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How to pause and disable Windows 11 updates

How to pause and disable Windows 11 updates

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Take a break from the updates

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Photo by Monica Chin / The Verge

Windows 11 updates, which Microsoft sends to your system regularly, are meant to keep your operating system current. They are, for the most part, a good thing. But as long-time Windows users know, occasionally, an update can go wrong, and so some prefer to postpone updates for a week or two to make sure that there aren’t any problems being delivered with the update. In addition, sometimes updates come at an inconvenient time — for example, when you’re in the middle of a project with a tight deadline.

You can’t stop updates altogether, but you can pause them. There is also a way to disable updates, but it, too, is not permanent. If you want to hold off in case of any potential glitches or would rather put them off as long as possible, here is how to adjust your settings.

Pause updates

  • Click the Start icon and select Settings
  • Open Windows Update
Open Windows Update to see if you’re up-to-date.
Open Windows Update to see if you’re up-to-date.
  • If you have any updates pending, you’ll find them listed on top. You can also click on the Check for updates button to see if you have any updates waiting. Otherwise, you’ll be told you’re up to date.
  • Directly below, you’ll see a Pause updates option. On the right, there is a button labeled Pause for 1 week that will let you do just that.
  • If you want to pause for more than a single week, then click on that button again, and you can extend the pause for up to three weeks.
  • If you want to restart updates, you’ll see that the button that you used to check for updates now reads Resume updates. Click on that.
You can pause updates for up to three weeks.
You can pause updates for up to three weeks.
  • Unfortunately, unlike with Windows 10, where you could pause updates for up to 35 days, in Windows 11, you only get up to those three weeks.

Adjust restart times

Windows will usually need to restart to finish installing updates — and since an update can take your computer out of service for anywhere from a few minutes to a few hours, you may want to adjust the restart times for when it’s most convenient.

  • In the Windows Update screen, select Advanced options
  • Look for Notify me when a restart is required to finish updating and toggle it on. That way, you’ll know if a restart is coming, and if you want, you can reschedule the restart.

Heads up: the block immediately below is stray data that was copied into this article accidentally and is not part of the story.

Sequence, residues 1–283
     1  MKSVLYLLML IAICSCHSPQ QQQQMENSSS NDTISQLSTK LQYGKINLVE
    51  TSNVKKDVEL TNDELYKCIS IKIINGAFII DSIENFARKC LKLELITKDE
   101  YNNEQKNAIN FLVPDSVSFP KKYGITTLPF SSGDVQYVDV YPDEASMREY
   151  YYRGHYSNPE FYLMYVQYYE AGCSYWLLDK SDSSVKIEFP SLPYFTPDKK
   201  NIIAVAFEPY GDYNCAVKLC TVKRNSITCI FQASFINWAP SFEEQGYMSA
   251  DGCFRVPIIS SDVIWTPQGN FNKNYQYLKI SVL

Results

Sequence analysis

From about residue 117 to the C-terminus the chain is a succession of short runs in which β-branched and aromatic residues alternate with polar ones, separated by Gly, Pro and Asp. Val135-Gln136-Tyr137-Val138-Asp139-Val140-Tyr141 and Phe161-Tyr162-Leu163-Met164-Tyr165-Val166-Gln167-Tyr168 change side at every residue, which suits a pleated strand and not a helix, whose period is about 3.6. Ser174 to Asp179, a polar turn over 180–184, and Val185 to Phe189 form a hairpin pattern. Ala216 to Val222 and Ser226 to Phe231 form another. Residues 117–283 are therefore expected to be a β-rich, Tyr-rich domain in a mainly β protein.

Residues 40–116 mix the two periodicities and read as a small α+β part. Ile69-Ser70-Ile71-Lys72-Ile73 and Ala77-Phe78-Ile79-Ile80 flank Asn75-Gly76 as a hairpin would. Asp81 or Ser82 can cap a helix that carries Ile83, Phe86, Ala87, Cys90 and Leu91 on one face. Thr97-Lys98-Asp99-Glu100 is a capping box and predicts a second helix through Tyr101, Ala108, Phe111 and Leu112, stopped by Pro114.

• Just below that, click on Active hours. Look for the drop-down menu at the right of Adjust active hours and select either Manually or Automatically. If you choose the former, you can select the hours during which it won’t restart (for example, if this is your work computer, you can choose not to have restarts between the hours of 9 a.m and 5 p.m.). If you choose the latter, the system will restart when you are not using it.
Advanced options lets you tweak your update settings.
Advanced options lets you tweak your update settings.

Disable updates

If you want to stop updates from happening for longer than that, there is a way to disable updates that worked — somewhat — with Windows 10 and should also work with Windows 11. However, even using Windows 10, this was not permanent; most sites reported that eventually (especially with a reboot), updates did resume. This may give you some breathing space, however.

  • Use Win+R to open the Run box and type in services.msc. Hit OK.
Type “services.msc in the “Run” box
Type “services.msc in the “Run” box
  • Scroll down to Windows Update and double-click on it.
Scroll down to “Windows Update”
Scroll down to “Windows Update”
  • In the Startup type drop-down menu, select Disabled.
Setting “Windows Update” to “Disabled” will stop updates — for a while
Setting “Windows Update” to “Disabled” will stop updates — for a while
  • Click Okay and restart your PC.

If you change your mind, you can follow these steps to re-enable it. You may note that you can choose Manual or Automatic. (Most Windows PCs come set to Manual, which simply means that the update is triggered by an event and doesn’t happen automatically when you reboot.)

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